Platform for creativity: An exhibition in Paris celebrates 70 years of France's national railway company

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Train spotters and art lovers rarely have much reason to indulge their passions together. With one group largely interested in locomotive livery and the other preferring to limit its time on station platforms strictly to getting from one exhibition to another, they might be forgiven for expecting not to have much in common. But now both sets of enthusiasts have reason to think again, thanks to a nation that takes as much pride in its world-beating railway as it does in its equally rich artistic heritage.

The French national railway company, the Socit Nationale des Chemins de Fer, or SNCF, will this week achieve an unusual first by holding an exhibition that is designed to attract waterproof-wearing aficionados of railway engineering and cashmere-clad aesthetes in equal measure.

For the next two weeks, the Grand Palais in Paris will host what is being billed as the only major exhibition to celebrate the rail industry through art, using more than 500 exhibits ranging from the photography of Robert Doisneau and travel posters by Salvador Dali to four full-size locomotives, underlining the French belief that a well-designed train engine is as much an artwork as Claude Monet's paintings of the Gare St Lazare.

The extravaganza, entitled L'Art Entre en Gare, or Art Enters the Station, is to celebrate the 70th anniversary of the SNCF's foundation with a retrospective dwelling on the way in which rail travel has been portrayed and used by artists in media from cinema to fashion. Suitably for a show about trains, after its stint in Paris the exhibition will be transferred to a specially-modified train and go on a tour of 18 French cities.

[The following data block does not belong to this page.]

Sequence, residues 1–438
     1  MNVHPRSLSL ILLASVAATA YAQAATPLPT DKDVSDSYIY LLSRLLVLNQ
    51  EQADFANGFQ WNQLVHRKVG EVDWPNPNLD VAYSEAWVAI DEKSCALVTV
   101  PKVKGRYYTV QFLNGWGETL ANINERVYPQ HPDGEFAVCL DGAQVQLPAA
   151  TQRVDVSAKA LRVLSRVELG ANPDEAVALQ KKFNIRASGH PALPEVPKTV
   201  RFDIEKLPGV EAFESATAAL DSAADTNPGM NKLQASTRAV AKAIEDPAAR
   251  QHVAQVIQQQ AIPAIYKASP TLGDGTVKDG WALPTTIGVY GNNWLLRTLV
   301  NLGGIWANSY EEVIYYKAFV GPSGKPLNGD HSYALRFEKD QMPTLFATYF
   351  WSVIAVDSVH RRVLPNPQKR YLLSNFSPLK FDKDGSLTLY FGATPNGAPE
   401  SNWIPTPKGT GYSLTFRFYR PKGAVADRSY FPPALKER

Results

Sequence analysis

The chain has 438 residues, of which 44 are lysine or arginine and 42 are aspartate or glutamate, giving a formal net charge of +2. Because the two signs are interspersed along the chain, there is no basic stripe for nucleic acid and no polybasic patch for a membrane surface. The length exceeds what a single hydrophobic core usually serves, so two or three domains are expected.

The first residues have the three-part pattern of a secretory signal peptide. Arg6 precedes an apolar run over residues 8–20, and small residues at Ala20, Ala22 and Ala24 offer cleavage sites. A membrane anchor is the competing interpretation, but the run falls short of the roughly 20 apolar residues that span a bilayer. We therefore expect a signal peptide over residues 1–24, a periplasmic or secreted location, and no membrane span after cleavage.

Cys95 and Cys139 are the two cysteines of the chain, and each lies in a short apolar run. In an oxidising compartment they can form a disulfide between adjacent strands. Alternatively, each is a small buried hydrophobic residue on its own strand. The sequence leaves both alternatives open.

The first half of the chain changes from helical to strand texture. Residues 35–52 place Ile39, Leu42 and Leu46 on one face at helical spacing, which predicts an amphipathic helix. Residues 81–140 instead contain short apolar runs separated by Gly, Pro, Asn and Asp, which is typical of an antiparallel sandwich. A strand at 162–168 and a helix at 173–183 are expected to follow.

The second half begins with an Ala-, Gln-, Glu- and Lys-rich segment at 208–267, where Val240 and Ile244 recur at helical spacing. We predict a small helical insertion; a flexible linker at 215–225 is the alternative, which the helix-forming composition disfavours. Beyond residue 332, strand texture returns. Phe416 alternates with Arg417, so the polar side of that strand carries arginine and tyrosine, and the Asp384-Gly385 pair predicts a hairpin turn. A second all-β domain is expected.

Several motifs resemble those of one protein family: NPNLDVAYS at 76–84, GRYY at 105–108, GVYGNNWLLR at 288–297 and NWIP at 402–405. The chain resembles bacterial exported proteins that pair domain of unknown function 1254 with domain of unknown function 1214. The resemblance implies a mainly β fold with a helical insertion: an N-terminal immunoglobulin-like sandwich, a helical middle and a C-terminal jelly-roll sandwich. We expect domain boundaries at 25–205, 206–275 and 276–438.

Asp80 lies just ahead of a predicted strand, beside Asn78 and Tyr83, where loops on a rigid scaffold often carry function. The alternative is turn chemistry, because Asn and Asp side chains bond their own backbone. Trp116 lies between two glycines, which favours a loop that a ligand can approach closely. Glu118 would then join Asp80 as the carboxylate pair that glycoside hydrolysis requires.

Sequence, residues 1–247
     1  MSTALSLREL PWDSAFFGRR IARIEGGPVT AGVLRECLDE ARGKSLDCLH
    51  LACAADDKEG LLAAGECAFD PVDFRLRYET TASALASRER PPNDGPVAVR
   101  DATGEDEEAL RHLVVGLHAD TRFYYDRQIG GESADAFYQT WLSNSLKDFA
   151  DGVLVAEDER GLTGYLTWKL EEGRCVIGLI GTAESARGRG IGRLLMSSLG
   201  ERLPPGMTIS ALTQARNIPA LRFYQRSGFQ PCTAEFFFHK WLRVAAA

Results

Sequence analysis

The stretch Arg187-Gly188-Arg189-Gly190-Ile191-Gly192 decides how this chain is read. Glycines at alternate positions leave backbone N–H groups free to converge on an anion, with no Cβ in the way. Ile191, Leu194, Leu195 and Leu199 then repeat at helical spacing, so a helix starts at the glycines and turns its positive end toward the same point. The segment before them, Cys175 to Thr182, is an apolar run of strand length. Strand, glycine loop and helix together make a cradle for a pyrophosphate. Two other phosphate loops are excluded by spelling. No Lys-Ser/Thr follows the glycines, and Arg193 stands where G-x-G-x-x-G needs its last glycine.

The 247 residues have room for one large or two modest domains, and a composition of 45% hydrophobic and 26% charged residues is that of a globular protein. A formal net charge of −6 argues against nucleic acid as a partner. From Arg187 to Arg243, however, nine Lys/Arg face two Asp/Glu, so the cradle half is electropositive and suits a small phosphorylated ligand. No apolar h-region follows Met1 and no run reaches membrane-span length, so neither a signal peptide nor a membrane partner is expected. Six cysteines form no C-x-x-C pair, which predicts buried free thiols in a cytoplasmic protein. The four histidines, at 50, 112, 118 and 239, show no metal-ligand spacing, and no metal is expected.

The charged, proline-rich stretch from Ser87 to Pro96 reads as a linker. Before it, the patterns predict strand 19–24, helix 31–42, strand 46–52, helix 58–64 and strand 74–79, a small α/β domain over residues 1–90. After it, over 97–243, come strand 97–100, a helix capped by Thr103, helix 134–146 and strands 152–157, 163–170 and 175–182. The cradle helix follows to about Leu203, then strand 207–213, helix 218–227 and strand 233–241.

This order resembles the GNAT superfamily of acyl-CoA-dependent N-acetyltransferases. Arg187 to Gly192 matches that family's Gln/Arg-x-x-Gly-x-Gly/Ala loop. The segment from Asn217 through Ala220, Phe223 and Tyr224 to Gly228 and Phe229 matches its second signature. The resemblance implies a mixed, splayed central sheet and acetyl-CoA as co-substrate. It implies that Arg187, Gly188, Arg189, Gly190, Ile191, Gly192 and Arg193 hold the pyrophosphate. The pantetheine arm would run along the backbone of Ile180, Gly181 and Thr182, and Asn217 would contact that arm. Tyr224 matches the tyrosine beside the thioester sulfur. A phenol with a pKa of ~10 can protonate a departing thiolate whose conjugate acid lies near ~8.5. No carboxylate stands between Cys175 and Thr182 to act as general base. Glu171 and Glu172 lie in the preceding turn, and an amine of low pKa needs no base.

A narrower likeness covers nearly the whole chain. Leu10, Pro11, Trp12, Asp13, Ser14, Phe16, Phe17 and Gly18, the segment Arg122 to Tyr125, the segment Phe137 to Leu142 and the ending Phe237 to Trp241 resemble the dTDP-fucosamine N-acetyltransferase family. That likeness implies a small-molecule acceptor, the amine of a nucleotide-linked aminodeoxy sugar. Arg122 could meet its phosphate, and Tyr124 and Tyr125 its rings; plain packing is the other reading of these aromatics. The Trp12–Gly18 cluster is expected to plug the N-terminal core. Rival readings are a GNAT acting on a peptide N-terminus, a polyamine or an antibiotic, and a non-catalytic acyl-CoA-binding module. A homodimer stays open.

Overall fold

The organisers, who were given three months to draw up a plan to fill the vast Grand Palais building with suitably railcentric work, have gone out of their way to offer something for everyone, with railway workers' uniforms by Christian Lacroix nestling beside architect's drawings of some of the world's best-known stations and computers for young visitors to design their own train.

But according to the man in charge of the project, Julien Leleu, the whole ensemble is brought together by the idea that railways are indelibly linked with significant events in the lives of millions of people and therefore provoke an irresistible nostalgia and curiosity for railway-obsessed geeks, high-minded art lovers and everyone in between, including Britons whom the SNCF hopes to attract to the exhibition via the Eurostar from the new St Pancras station in London.

Leleu says: "Everyone has an important memory of the railway, a life-changing moment. The railway is part of our personal histories, whether it is leaving or meeting a lover on the platform, or leaving our parents behind to go to a holiday camp as a child or simply starting a long journey to a different world or country. It always evokes strong memories.